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Yellen: Asking if tax increases will hurt economy 'not the right question'

Treasury Secretary Janet YellenJanet Louise YellenBusiness groups target moderate Democrats on Biden tax plans On The Money: How demand is outstripping supply and hampering recovery | Montana pulls back jobless benefits | Yellen says higher rates may be necessary IMF warns global tax deal 'urgently needed' to avoid potential trade war MORE argued in an interview published Sunday that those who question whether any hikes to the corporate tax rate or tax rates paid by the wealthiest Americans would hurt the economy are asking "the wrong question."

Speaking with CNN via email, Yellen contended that the Biden administration's infrastructure plan balanced middle-class tax cuts and investment in infrastructure with taxes on the wealthy and corporations that, coupled together, would spur growth.

"Asking 'will these tax increases hurt the economy?' is not the right question," Yellen told CNN. "The right question is: 'Is trading higher taxes on high-income taxpayers for middle-class tax cuts and major economic investments pro-growth?' And the answer to that question is a resounding yes."

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"The greatest threat to our economic recovery -- and our long-term economic prospects -- is not a marginally higher tax rate for large corporations or the top 1% of taxpayers," she went on. "It's a lack of support for America's workers and families."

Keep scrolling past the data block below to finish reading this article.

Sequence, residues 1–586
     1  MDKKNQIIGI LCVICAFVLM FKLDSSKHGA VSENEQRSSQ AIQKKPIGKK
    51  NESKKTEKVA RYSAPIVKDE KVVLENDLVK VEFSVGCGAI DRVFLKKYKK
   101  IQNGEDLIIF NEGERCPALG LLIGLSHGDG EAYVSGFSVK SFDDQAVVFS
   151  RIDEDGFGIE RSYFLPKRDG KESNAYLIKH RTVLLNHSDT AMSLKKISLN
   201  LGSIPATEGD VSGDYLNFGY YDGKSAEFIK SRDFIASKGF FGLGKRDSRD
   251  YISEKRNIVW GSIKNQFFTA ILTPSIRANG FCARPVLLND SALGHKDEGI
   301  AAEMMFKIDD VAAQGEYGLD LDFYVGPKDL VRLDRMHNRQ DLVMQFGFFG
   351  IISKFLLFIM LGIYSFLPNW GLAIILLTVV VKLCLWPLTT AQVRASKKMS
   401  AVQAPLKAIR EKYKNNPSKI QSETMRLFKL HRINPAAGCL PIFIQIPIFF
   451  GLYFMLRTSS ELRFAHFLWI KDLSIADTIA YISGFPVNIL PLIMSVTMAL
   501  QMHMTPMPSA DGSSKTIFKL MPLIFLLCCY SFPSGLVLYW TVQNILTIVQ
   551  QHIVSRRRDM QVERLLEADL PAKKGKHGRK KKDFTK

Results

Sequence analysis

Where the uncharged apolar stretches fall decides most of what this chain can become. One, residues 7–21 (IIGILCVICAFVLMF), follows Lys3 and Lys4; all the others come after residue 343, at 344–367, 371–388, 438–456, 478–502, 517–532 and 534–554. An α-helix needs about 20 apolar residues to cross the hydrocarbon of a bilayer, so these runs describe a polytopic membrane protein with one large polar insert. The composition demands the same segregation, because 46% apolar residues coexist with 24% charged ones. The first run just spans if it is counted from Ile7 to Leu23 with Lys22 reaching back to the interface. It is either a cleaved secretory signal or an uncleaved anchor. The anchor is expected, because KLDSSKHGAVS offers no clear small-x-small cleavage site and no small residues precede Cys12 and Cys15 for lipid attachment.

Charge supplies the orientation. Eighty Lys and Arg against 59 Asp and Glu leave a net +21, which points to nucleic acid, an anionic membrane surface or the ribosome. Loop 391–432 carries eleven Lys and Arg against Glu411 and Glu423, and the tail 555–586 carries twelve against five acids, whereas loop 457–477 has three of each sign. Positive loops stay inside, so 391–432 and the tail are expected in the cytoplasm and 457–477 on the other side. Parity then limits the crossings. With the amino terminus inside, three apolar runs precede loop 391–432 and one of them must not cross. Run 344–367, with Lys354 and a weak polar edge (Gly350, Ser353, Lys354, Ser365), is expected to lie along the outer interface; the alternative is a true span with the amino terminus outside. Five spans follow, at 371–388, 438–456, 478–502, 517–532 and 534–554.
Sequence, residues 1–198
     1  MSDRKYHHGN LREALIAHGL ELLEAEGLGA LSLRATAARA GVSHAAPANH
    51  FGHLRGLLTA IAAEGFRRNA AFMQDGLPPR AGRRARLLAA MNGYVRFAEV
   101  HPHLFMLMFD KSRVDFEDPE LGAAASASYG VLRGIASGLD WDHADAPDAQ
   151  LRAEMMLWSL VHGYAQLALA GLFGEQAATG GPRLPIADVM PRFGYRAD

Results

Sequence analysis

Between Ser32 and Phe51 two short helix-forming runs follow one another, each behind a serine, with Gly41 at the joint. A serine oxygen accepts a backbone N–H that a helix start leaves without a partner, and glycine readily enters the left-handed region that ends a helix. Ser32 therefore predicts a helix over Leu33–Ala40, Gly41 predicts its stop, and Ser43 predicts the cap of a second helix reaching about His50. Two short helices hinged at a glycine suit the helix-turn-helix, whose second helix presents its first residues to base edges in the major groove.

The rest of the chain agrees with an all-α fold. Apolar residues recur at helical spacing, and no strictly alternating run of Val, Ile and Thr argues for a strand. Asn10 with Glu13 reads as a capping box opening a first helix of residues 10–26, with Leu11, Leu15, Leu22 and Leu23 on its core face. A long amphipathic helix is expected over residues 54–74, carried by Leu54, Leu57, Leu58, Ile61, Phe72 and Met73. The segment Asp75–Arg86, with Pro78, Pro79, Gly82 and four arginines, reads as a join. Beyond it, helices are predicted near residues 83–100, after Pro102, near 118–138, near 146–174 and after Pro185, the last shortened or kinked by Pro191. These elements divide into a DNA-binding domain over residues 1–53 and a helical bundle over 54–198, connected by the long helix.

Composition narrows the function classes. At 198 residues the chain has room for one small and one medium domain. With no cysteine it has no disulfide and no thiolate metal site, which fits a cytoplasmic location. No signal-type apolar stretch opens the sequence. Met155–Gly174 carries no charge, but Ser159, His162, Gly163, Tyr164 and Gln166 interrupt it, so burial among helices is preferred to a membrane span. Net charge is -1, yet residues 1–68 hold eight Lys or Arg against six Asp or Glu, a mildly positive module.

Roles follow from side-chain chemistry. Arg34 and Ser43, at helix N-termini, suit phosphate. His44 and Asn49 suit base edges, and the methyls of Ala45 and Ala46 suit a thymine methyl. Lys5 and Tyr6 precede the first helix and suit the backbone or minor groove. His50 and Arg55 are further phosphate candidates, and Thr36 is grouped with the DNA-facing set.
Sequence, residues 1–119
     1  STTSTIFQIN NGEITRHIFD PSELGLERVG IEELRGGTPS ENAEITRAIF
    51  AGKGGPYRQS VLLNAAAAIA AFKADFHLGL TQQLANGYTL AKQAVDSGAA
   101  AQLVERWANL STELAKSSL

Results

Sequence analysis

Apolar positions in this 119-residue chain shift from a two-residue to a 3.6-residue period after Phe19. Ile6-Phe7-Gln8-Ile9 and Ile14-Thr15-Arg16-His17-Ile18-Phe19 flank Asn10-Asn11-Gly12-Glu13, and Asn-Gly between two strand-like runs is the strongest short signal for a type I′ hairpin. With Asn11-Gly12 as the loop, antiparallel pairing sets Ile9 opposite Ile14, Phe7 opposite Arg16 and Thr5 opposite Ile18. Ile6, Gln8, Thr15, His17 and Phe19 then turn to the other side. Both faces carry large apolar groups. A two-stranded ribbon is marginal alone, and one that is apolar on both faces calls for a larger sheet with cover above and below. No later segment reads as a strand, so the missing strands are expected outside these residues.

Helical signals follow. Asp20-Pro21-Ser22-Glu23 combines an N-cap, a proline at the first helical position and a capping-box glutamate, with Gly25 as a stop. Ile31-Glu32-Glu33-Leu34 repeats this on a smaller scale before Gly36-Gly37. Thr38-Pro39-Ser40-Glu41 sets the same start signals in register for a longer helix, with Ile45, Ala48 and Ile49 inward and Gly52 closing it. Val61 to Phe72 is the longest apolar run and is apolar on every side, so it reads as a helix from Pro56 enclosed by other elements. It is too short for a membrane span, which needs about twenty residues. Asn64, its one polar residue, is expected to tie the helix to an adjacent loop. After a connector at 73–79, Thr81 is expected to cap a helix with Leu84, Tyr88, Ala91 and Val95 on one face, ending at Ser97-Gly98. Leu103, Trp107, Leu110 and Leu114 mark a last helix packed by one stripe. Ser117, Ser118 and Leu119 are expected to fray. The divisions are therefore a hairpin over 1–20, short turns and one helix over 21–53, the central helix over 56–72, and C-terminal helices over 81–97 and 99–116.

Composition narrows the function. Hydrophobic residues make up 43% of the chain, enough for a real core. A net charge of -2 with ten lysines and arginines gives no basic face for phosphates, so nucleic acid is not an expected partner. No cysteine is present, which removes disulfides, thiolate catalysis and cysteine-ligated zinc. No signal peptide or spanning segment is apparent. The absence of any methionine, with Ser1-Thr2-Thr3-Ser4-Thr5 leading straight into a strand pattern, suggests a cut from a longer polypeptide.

Yellen also appeared to knock previous efforts by Republicans to lower the corporate tax rate as a "race to the bottom on tax rates," adding that the Biden administration's plan corrects an "imbalance between what our government takes in as revenue and what it needs to invest."

The administration is proposing raising the corporate tax rate to 28 percent and raising some taxes on Americans making $400,000 or more per year as a means of paying for a $2.3 trillion package of legislation dealing with infrastructure as well as issues such as child care and universal pre-k. The corporate tax rate proposed by Democrats is lower than the rate instituted by the U.S. before the GOP tax cuts of 2017, which lowered it from 35 percent to 21 percent.

Yellen and other administration officials have defended the plan and its payment methods as necessary to spur long-term growth while addressing critical issues including failing roads, bridges and tunnels as well as addressing climate change.

Republicans have attacked the plan, criticizing it for including provisions they say have nothing to do with infrastructure, while arguing that a compromise around a much smaller piece of legislation could be found.